For many people in the workforce, and for their employers, it’s hard to predict when and how a disability will strike. Yet with today’s 20-year olds facing a 1 in 4 chance2 of becoming too sick or hurt to work before they reach age 67, a disability that could keep them out of work for an extended period can happen at any time. As employees age, the risk of a disability naturally increases. That’s because most long term disabilities, about 90 percent, are caused by a sickness, not a catastrophic injury3. As employees age, so do their chances of a prolonged illness due to cancer, musculoskeletal or nervous system disorders.

When you review your benefits package and align it with the CFBP definition, you’ll quickly see that DI is one of only a few benefits that can have a direct impact on all four parts of an employee’s financial well-being. And it’s in this analysis that we start to uncover how devastating a disability can be, even for an employee who may have dutifully saved for retirement up until the time of their disability.

A comfortable retirement is most everyone’s long-term financial goal

When an employee becomes disabled and can’t work for an extended period of time, managing for the short-term is critical. Retirement balances can get tapped for more pressing day-to-day necessities, or to cover increased medical costs, hiring additional help, home safety accommodations, etc.

However, managing for the long-term is equally important. It’s hard enough to deliver the news to an employee that their group long term disability coverage may replace only roughly half their paycheck (after taxes) at a time when their expenses likely will skyrocket. You will have to help them understand that their ability to contribute to the employer sponsored tax-advantaged retirement savings account – including any company matches – will no longer be available to them. And this realization may occur just at the time they are tapping into their retirement balances to help make ends meet. Do you relish breaking the news of a big pay cut and a major hit to your employee’s retirement account?

Individual DI policies, such as those from MassMutual, have an option for an employee to continue saving for retirement in addition to protecting a larger portion of their income. This allows an employee whose life has been interrupted by a disability to be confident that they can continue to fund some aspect of their future retirement, especially knowing that their disability income payments cease at the end of the disability benefit period (and certainly no later than at their normal retirement date.)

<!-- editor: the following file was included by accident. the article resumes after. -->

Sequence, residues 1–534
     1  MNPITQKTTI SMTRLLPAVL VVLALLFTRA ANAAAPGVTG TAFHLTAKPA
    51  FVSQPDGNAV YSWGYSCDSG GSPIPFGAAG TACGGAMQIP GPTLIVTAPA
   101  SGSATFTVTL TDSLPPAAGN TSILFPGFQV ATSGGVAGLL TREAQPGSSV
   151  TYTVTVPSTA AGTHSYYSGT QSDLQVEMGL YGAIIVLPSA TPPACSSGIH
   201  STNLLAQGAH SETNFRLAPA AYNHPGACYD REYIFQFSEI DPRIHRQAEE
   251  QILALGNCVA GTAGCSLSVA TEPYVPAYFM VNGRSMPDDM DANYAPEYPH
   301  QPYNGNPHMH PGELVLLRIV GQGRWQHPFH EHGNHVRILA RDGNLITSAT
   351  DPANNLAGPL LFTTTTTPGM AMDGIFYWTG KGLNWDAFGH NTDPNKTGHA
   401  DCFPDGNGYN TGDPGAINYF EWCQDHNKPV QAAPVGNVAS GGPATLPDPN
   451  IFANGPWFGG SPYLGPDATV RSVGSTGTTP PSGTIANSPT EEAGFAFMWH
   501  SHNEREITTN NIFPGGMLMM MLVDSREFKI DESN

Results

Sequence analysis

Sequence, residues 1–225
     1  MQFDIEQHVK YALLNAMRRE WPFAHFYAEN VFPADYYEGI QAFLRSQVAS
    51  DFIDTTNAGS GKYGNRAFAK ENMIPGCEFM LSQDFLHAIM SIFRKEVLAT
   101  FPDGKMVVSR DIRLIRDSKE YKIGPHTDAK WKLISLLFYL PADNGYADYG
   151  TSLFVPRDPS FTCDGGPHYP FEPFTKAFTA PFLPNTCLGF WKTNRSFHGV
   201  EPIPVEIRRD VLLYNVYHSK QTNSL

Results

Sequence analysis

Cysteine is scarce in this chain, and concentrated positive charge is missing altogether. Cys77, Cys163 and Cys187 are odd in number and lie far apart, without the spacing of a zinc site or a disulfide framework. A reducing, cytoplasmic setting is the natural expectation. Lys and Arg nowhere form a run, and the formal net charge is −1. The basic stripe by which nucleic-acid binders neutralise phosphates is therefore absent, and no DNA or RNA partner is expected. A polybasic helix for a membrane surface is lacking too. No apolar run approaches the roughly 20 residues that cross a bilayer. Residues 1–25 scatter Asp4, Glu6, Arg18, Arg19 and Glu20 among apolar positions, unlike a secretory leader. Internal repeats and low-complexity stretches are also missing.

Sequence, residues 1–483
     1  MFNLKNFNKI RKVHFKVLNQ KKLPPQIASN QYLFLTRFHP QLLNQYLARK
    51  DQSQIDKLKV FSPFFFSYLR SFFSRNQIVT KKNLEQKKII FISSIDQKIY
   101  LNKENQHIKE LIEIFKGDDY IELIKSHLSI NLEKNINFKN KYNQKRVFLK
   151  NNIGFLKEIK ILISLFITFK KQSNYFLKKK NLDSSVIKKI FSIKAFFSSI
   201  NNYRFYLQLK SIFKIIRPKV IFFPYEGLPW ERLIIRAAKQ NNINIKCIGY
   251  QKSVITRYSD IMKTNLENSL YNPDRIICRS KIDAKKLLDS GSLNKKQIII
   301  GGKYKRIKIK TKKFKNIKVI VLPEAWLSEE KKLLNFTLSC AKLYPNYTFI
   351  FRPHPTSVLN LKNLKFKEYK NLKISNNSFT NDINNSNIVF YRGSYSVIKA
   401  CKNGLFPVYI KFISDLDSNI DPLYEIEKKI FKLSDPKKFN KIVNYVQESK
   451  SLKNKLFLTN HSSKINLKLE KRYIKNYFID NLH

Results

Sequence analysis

DI can set you apart

You know the right benefits package can help you attract and retain the best talent for your company. So it makes sense to offer benefits that employees want. According to 2018 MassMutual Workplace Benefits study, 78 percent of employees identified DI as a benefit they would be interested in, and almost as many – 74 percent – would like to have a benefit that provides continued retirement savings protection while the employee is disabled.4

But benefits packages are more than just employee retention tools; they reflect who you are and what you believe. When you offer your employees DI, you demonstrate that you want them to be financially well for the short and long-term. This approach to benefit planning also helps you position your company as one that cares about its employees, and is actively seeking to offer tools and programs that are in the employees’ best interest. That’s a message all of us can get behind!

1Career Builder / Harris online poll conducted June 2017

2 US Social Security Administration, Fact Sheet 2018

3 The 2014 Council for Disability Awareness Long Term Disability Claims Review

4 Survey conducted for MassMutual by Greenwald & Associates in 2017




SSDI lacks rehabilitation resources

By Ted Norwood, General Counsel & Director of Representation, Integrated Benefits Inc.

SSDI has poor resources for vocational rehabilitation or job placement, and no resources at all for claimants during the wait for a decision. This makes it harder for people to recover and get back to work.

Because of the long wait, many claimants miss out on vital windows to improve their chances of recovery and return to work. By the time the SSA awards disability payments, many claims are permanent due to the effects of such a long layoff and the lack of rehabilitation resources.

Certainly, SSDI can provide income to your disabled employees, but relying on it leaves them with a long wait and long odds, making it less likely they will be able to rejoin your team or find alternative work.

SSDI is not all bad news for employers

Although SSDI does not do much for employers on its own, it is certainly better than nothing. It does eventually provide Medicare and annual cost of living adjustments (COLAs) for disabled claimants.

Those are important benefits, as many employees lose their health insurance during the wait for SSDI. Annual COLAs help people with disabilities keep up with the economy. Every bit matters once workers are on a fixed income.

Despite its problems, the SSDI program is a successful program designed to help protect American workers. Still, there is one more major advantage SSDI provides to employers.

SSDI acts like a subsidy to group long-term disability insurance, making disability policies affordable and an excellent value.

Group long-term disability policies protect employees from the disadvantages of SSDI.[1]

  • These LTD policies usually start with an own-occupation period of two years, allowing the employee to receive benefits immediately.
  • Group LTD policies can be structured to pay higher benefits than SSDI does.
  • Group LTD policies have better opportunities to provide vocational rehabilitation and return to work services.
  • Plus, most insurers will provide a lawyer for claimants to assist with their SSDI applications.